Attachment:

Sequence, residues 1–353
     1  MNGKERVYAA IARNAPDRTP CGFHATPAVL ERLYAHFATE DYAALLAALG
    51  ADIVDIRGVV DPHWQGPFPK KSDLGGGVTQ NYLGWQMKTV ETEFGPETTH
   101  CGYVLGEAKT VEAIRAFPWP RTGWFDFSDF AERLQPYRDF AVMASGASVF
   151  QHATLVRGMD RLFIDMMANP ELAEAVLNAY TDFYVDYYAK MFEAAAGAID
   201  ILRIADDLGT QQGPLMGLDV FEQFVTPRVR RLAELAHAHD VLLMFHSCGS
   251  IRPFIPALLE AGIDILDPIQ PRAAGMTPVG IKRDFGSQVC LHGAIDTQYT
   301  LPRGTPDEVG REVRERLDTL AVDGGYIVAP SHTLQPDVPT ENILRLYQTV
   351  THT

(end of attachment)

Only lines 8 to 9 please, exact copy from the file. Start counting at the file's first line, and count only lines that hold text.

   301  LPRGTPDEVG REVRERLDTL AVDGGYIVAP SHTLQPDVPT ENILRLYQTV
   351  THT